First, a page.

With such a sparse interface, you’d be forgiven for wondering where all the tools you need to prepare a document are hidden. The process is elegant in its simplicity, although if you don’t know, you’ll have a hell of a time trying to figure out how you’re supposed to do it: just click anywhere on the document.
This activates a large popup menu with four options: you can add a signature, a text box, a checkbox, or a date. You’ll find very few changeable parameters are available each time you add an item, but then again, very few are needed. The most important one is to make sure you’ve allocated the field to the right person.
Everything else is pretty much optional. There are also item-specific parameters, like offering a multi-lined field for a text box, or limiting the date to the time the document is signed, for instance.
Once the field has been added, you can then reposition and resize it, so it fits perfectly.
You’ll find a handful of additional parameters in the Settings section, such as adding an email subject, setting up reminders, adding attachments to the file, or turning it into a template, if you feel you’ll be needing to use that same doc on a regular basis.
- Tools: 4.5/5
- Follow the blue arrow to make sure you’ve filled in all the fields you have to. It’s hard to get lost with this process
When it’s time for you, or the people you sent the file to, to fill it in, SignRequest gently guides you through the process: a blue arrow points to the section you need to write in. Once done, it sends you to the next one. The process repeats until you get to Finalize.
You can of course edit your info prior to that, and should the font be too big for your liking, resizing the field is but a click and drag away.
If you’re used to similar online signing services, you’ll feel right at home when it comes to adding your signature: as usual, you’re given three choices: you can choose from one of the eight available cursive fonts or draw with your trackpad or mouse - we found SignRequest had one of the better experiences when it comes to this method. You can also upload a photo of your signature. Recipients don’t need to have an account with SignRequest in order to fill in their part of the document.
It’s as simple as that, really. No other options are available to you, such as changing fonts, or styles. Just type in, resize if necessary, sign, finalize, and you’re done.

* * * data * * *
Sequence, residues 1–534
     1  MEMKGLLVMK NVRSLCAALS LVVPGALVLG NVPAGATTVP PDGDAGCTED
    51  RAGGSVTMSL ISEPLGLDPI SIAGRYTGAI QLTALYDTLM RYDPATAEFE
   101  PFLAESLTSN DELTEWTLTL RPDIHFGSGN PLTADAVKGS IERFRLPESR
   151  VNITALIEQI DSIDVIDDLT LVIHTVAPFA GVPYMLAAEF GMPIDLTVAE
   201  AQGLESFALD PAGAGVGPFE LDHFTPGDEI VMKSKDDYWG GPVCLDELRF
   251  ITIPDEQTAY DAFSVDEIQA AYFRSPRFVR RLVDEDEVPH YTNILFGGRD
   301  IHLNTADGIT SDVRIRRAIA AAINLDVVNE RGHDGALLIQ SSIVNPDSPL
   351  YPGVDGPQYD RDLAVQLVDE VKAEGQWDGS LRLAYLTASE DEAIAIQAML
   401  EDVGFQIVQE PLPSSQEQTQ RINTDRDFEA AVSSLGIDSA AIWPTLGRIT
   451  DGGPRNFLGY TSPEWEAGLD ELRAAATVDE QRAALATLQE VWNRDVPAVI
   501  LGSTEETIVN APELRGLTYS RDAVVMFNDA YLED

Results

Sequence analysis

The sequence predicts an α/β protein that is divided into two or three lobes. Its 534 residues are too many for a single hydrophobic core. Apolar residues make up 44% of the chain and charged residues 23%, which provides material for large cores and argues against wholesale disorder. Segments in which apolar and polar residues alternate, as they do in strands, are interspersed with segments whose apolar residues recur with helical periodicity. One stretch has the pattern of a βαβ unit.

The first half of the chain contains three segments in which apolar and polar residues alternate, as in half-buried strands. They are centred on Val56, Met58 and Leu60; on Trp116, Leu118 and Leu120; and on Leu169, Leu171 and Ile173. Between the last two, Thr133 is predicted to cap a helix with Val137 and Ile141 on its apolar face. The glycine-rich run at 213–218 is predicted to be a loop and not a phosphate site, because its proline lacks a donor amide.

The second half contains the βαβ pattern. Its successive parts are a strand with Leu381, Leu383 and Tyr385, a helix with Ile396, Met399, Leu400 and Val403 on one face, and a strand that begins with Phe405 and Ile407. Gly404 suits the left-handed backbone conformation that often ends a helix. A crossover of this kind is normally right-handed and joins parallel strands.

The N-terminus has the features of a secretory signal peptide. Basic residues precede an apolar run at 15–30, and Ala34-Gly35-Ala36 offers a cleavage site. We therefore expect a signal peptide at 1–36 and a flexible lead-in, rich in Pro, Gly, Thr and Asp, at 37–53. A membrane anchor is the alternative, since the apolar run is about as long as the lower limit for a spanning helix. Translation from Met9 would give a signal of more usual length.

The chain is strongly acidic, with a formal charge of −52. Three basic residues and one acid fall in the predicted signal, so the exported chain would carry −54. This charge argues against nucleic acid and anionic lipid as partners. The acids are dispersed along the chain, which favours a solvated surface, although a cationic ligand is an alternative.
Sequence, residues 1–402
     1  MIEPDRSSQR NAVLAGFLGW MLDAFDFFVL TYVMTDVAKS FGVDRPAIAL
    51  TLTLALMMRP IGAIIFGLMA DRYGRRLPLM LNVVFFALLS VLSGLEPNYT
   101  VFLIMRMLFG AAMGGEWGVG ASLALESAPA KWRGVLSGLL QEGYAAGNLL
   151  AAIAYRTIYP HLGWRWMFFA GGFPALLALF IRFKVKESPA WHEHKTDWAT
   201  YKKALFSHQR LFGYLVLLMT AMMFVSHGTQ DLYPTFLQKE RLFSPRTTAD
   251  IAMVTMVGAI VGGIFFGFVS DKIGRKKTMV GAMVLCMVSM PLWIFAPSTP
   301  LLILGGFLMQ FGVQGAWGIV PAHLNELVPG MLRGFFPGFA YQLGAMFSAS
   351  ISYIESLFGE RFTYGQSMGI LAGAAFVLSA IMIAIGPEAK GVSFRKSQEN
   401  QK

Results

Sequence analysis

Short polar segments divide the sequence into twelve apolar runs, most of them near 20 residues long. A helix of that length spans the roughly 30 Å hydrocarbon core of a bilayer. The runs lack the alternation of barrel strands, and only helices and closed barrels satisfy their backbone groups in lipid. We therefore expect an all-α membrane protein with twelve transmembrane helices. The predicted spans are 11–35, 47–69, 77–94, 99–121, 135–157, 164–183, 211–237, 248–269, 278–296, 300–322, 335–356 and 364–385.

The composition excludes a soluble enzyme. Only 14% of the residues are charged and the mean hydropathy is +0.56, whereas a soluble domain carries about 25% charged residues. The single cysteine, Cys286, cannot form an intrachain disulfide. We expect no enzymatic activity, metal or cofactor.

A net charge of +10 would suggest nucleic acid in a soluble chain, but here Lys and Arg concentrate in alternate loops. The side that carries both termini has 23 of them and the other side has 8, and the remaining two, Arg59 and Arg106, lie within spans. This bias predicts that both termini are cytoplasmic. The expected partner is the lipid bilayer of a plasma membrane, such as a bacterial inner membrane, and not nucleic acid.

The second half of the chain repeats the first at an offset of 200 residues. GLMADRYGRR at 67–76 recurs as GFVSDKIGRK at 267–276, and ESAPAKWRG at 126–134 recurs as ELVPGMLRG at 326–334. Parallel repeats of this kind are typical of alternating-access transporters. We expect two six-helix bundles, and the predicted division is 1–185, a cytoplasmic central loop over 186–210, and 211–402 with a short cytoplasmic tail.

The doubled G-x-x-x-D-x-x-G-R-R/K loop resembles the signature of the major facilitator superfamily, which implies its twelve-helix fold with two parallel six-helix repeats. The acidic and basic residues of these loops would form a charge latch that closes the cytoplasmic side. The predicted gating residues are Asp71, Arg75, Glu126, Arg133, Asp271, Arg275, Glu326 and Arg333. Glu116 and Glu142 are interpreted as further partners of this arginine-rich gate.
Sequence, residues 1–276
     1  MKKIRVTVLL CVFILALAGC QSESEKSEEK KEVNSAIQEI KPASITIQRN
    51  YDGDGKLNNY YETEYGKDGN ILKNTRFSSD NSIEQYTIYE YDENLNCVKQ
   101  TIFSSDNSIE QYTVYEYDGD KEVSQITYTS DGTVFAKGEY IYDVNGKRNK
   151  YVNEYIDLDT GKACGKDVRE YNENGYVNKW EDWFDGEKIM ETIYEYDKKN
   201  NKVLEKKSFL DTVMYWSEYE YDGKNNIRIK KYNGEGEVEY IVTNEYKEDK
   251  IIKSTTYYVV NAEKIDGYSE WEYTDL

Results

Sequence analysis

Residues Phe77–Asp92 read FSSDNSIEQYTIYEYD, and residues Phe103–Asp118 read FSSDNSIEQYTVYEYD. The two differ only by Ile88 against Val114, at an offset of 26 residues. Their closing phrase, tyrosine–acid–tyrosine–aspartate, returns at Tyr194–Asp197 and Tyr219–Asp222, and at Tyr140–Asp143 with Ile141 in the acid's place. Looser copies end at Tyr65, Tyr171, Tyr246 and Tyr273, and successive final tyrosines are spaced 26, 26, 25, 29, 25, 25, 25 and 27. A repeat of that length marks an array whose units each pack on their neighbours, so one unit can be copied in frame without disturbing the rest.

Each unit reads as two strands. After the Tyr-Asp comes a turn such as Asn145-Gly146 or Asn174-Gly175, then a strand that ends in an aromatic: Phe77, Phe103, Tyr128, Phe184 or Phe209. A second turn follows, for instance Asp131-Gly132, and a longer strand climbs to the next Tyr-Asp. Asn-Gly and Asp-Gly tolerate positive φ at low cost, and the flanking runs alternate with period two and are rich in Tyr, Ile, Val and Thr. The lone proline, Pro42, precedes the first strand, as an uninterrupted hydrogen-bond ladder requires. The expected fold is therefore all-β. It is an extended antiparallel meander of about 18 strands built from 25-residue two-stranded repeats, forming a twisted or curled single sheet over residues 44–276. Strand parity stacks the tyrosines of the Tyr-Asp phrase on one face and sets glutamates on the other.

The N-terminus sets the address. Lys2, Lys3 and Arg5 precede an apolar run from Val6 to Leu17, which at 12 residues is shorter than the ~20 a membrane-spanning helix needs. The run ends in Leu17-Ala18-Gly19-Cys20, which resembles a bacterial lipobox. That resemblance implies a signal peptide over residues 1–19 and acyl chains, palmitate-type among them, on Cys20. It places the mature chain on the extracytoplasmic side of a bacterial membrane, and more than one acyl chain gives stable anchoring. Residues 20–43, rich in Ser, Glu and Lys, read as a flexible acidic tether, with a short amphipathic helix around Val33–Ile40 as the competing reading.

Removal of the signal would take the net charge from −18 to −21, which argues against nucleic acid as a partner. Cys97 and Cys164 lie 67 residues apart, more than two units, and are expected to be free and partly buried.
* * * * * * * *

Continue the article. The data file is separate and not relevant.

- Forms: 4.5/5
- The dashboard is where you get to check on your files, templates, and other information linked to your account
The service's main dashboard is where you can check out all the documents you’ve sent out, and check on their progress. This is also where you can see your templates, your own signature, billing information, details of your team, and the users of your account.
Despite its simplicity, SignRequest does cover the essentials when it comes to filling in a form, signing it, and tracking its progress. Some other services do offer more features, options, changeable parameters, and so on. But if all you need to do is get the job done in a clear, simple and elegant way, then SignRequest is definitely worth a look.
- Audits: 4.5/5
|Row 0 - Cell 0||Row 0 - Cell 1||Row 0 - Cell 2|
|Pricing & plans||One free version, two subscriptions aimed at businesses||4.5|
|Interface||Clean, simple, easy to navigate - what more could you want?||4.5|
|Tools||All basic tools present and correct, all simple to use||4.5|
|Forms||Just follow the blue arrows to fill in forms||4.5|
|Audits||Excellent document management and monitoring||4.5|
Should I buy...?
Buy it if...
You need a simple way to sign documents electronically, and track their progress, without being burdened with too many options.
Don't buy it if...
You need more features not available with this service, or you only have to sign the occasional document, in which case the ‘free’ option might be a better fit.
Steve has been writing about technology since 2003. Starting with Digital Creative Arts, he's since added his tech expertise at titles such as iCreate, MacFormat, MacWorld, MacLife, and TechRadar. His focus is on the creative arts, like website builders, image manipulation, and filmmaking software, but he hasn’t shied away from more business-oriented software either. He uses many of the apps he writes about in his personal and professional life. Steve loves how computers have enabled everyone to delve into creative possibilities, and is always delighted to share his knowledge, expertise, and experience with readers.